A week now shows what it’s about, when it will take place, how many things are in it and if it contains something with a deadline that is still coming up. On the left side of week 2, you can see a green line, that indicates that something has happened in that week since the last time the user was on this page. This is a pattern that can be found throughout the platform. On courses, then on the weeks in it, then on the study activities in them and on the comments and other activity inside the study activities.
Study activities are also cleaned up. They show fewer metrics on the learn path and more relevant information. Students didn’t care much about views or how much practice questions it contains, they want to quickly see what the steps are to estimate how long it will take.
Study activities can consist of tasks, such as handing in something or watching a video. We use grey circles with icons to help signal what type of study activity it is and if the user has made progress yet. When they progress through the activity the icon to the left and the task numbers will turn colored. The task that is next to do has a clear call to action to draw the student to it. To allow the students to estimate how much work each task will be we show what it entails wherever we can: ‘read 45 pages’, ‘review the work of 3 peers’ et cetera.
This redesign has been used by both users that had used the old platform and users that had not. What we saw was that teachers that came from the old platform needed quite some time and guidance to understand how they needed to structure their course in the new platform, and it took some getting used to during the first weeks but in the end both they and their students were way more happy with the new platform. There were no more complaints from students about not being able to find their stuff. Also, we’ve been able to add some really great study activities so that teachers now have more powerful tools at their disposal.
Something that does still need to be addressed is that students can’t communicate with the rest of the class easy enough as it is. They do interact inside study activities but some students felt that if they wanted to ask or share something that wasn’t really possible right now, so that will be fixed in the future.
As you may understand I have skipped lots and lots of the process and the versions, if you like to see what kinds of things we tried, you can see lots of old versions below.
very very old versions.
We wanted to enable teachers to drastically innovate their courses
At some point, after we had been going from idea to idea for months, I stopped the team and arranged a few sessions with the goals of getting everyone on the same page again, making sure everyone on the team felt heard, and to get priorities clear. This really helped move the project forward and stop having the same discussions over and over again and people feeling left out of the process. Since we were doing this massive pivot with the whole company it was very important to make sure everyone on the team believed in the new design. Shortly after this, a few people involved in the design process left the company as well which made things also easier since we had fewer cooks in the proverbial kitchen.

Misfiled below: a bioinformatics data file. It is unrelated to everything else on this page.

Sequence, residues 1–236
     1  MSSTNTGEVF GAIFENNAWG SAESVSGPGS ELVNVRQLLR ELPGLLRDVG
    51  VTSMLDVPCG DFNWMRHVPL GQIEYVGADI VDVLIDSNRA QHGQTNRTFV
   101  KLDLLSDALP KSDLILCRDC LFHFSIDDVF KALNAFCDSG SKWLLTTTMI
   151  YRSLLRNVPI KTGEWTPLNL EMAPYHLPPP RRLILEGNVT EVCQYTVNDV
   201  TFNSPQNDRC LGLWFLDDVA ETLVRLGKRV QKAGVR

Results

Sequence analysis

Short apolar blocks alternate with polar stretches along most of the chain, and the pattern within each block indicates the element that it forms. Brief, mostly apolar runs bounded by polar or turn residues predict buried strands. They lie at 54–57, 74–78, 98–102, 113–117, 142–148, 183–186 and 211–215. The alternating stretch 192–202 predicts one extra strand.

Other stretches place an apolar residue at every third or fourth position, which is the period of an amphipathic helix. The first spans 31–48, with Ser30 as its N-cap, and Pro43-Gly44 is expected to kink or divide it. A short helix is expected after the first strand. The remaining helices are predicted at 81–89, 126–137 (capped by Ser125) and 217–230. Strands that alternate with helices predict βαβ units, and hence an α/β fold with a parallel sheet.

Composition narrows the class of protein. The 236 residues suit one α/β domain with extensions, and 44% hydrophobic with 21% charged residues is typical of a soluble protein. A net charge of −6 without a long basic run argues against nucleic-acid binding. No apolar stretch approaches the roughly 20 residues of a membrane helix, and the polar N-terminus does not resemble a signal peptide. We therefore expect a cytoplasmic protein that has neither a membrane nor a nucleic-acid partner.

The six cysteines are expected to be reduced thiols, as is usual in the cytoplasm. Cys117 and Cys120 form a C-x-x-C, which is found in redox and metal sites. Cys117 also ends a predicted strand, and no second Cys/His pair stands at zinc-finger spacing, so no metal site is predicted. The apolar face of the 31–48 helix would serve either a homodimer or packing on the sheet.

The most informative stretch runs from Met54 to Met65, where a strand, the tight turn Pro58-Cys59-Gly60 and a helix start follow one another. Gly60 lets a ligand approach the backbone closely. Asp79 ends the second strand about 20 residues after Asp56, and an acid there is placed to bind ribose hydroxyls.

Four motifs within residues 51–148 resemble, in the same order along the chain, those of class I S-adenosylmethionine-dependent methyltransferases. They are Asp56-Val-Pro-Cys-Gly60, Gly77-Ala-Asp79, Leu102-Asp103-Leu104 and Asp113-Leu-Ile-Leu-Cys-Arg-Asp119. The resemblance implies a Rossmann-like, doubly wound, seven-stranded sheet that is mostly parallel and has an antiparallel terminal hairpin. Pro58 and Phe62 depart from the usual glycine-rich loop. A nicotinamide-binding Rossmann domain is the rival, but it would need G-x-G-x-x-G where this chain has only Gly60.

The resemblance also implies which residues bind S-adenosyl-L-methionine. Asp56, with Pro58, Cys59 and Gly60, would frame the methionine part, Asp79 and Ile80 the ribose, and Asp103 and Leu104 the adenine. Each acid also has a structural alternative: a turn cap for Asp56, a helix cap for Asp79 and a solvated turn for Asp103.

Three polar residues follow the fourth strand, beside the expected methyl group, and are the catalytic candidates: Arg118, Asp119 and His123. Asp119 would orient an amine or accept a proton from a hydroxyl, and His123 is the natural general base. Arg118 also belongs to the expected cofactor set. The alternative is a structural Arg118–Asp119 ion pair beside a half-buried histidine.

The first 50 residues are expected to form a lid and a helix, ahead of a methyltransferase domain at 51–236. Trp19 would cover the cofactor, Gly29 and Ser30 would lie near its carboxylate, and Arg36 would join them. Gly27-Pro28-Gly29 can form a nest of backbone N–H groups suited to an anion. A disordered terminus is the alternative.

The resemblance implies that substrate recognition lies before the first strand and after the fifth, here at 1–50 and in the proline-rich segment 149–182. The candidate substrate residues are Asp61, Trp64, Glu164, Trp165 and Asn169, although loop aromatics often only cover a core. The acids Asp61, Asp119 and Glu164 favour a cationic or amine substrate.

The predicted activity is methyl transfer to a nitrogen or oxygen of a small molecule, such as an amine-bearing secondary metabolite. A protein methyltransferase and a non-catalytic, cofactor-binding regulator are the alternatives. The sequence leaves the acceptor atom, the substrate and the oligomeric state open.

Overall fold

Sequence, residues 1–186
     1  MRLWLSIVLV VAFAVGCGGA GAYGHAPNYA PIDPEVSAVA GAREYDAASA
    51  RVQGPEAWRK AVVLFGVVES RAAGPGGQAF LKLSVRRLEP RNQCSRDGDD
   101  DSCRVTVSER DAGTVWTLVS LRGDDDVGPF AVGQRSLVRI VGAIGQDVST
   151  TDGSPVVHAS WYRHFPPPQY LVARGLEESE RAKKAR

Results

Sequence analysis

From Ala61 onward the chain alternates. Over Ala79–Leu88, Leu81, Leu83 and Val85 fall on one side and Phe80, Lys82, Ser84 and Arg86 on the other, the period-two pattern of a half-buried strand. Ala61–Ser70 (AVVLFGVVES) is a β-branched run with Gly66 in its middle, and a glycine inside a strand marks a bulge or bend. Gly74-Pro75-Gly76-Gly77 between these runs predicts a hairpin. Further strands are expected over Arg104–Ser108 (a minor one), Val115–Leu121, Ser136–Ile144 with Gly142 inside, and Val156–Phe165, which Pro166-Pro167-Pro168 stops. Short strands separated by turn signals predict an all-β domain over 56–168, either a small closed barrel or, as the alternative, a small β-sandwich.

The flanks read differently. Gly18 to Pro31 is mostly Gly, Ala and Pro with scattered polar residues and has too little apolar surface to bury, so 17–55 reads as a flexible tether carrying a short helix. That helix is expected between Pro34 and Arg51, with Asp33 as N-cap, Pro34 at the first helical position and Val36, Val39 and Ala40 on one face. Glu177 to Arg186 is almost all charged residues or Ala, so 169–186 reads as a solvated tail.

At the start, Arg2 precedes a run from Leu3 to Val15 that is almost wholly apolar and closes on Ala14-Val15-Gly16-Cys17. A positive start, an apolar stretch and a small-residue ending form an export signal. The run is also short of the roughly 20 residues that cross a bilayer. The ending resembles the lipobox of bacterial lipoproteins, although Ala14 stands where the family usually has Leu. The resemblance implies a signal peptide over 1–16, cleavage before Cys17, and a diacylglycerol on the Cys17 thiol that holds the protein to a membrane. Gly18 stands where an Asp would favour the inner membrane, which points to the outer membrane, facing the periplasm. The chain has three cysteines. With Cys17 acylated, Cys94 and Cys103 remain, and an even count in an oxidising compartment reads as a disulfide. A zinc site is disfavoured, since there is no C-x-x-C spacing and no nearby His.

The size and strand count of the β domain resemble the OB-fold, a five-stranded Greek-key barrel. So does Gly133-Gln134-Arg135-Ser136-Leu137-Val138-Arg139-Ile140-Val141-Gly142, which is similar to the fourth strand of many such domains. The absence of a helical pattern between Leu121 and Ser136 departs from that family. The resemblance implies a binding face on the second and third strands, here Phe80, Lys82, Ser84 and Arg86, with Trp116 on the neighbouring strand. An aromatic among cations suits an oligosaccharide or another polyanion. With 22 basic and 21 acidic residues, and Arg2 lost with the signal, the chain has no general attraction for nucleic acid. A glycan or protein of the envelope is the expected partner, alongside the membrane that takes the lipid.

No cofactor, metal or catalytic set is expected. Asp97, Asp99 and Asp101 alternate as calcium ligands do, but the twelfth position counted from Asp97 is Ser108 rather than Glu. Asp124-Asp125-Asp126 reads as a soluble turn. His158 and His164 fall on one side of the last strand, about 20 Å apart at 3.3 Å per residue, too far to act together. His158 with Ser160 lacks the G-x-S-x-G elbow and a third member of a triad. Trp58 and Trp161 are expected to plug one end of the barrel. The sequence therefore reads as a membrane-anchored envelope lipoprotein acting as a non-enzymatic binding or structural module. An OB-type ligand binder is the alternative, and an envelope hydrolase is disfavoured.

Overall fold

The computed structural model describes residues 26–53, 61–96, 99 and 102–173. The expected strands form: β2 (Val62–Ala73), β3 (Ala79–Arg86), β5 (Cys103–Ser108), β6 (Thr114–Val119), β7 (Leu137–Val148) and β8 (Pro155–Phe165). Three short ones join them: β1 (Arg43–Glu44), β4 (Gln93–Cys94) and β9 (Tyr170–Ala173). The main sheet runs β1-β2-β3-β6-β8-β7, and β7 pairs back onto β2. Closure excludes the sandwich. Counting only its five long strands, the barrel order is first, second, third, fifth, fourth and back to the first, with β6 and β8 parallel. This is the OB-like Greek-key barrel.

The ideation part was pretty difficult during this project and was the part that probably lasted until the end, way until the end of the design phase.
Something that made this harder was the team changed a lot during this phase, there was no clear division of responsibilities and who was in charge of what, and there wasn’t a very clear vision yet.
The CEO and I are both very stubborn so we butted heads a lot, which caused some intense discussions but improved our product a lot. We sometimes didn’t speak in each other’s terms and I still hadn’t mastered the skill of communicating my ideas well and getting people on the same page.
When I started working at FeedbackFruits they assigned me the gargantuan task of redesigning their entire platform from the ground up. As the only interface designer and still intern, this was a big challenge but it was an absolutely great learning experience. Over the course of this project I improved a lot on my design and research skills, but what has been most valuable about this experience is soft skills like presenting my work in a way that will get the story across and yield me the most useful feedback, managing expectations, making the team feel involved, time management, and more. In part due to me still being a novice back then, and in part due to the team and vision constantly changing this project was pretty tough but I’m very proud of the end result.
complete platform redesign.
Since we were doing such a massive pivot it was very important to make sure everyone on the team believed in the new design